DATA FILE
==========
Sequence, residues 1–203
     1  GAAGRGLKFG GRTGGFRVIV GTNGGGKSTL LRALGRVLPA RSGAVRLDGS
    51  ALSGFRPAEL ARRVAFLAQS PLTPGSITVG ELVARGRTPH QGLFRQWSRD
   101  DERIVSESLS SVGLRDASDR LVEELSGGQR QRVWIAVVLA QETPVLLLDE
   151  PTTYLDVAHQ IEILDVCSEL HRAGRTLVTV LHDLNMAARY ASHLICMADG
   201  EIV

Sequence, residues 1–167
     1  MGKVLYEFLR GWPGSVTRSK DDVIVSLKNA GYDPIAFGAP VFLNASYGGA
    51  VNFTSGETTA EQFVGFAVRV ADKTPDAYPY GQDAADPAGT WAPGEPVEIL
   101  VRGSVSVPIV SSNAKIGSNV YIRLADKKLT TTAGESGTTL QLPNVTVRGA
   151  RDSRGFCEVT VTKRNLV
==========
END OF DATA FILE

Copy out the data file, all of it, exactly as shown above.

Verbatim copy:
Sequence, residues 1–203
     1  GAAGRGLKFG GRTGGFRVIV GTNGGGKSTL LRALGRVLPA RSGAVRLDGS
    51  ALSGFRPAEL ARRVAFLAQS PLTPGSITVG ELVARGRTPH QGLFRQWSRD
   101  DERIVSESLS SVGLRDASDR LVEELSGGQR QRVWIAVVLA QETPVLLLDE
   151  PTTYLDVAHQ IEILDVCSEL HRAGRTLVTV LHDLNMAARY ASHLICMADG
   201  EIV

Sequence, residues 1–167
     1  MGKVLYEFLR GWPGSVTRSK DDVIVSLKNA GYDPIAFGAP VFLNASYGGA
    51  VNFTSGETTA EQFVGFAVRV ADKTPDAYPY GQDAADPAGT WAPGEPVEIL
   101  VRGSVSVPIV SSNAKIGSNV YIRLADKKLT TTAGESGTTL QLPNVTVRGA
   151  RDSRGFCEVT VTKRNLV